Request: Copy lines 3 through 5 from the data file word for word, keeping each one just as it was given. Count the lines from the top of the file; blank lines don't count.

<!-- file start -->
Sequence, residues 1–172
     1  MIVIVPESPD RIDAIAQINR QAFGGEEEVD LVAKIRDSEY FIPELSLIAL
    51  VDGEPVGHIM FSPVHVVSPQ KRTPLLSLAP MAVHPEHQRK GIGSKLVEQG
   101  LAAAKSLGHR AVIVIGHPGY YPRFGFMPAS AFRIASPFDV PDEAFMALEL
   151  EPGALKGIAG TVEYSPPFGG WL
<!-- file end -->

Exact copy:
    51  VDGEPVGHIM FSPVHVVSPQ KRTPLLSLAP MAVHPEHQRK GIGSKLVEQG
   101  LAAAKSLGHR AVIVIGHPGY YPRFGFMPAS AFRIASPFDV PDEAFMALEL
   151  EPGALKGIAG TVEYSPPFGG WL